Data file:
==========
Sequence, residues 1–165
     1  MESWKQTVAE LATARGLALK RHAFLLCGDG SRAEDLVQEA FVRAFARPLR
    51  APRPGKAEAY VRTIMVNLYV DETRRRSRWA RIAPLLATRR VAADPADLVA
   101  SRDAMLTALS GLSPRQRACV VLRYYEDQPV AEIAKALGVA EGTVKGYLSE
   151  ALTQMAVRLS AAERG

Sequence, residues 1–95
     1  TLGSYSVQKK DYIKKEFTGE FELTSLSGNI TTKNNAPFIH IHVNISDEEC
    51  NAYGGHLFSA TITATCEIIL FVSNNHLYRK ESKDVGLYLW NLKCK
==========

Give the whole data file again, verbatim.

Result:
Sequence, residues 1–165
     1  MESWKQTVAE LATARGLALK RHAFLLCGDG SRAEDLVQEA FVRAFARPLR
    51  APRPGKAEAY VRTIMVNLYV DETRRRSRWA RIAPLLATRR VAADPADLVA
   101  SRDAMLTALS GLSPRQRACV VLRYYEDQPV AEIAKALGVA EGTVKGYLSE
   151  ALTQMAVRLS AAERG

Sequence, residues 1–95
     1  TLGSYSVQKK DYIKKEFTGE FELTSLSGNI TTKNNAPFIH IHVNISDEEC
    51  NAYGGHLFSA TITATCEIIL FVSNNHLYRK ESKDVGLYLW NLKCK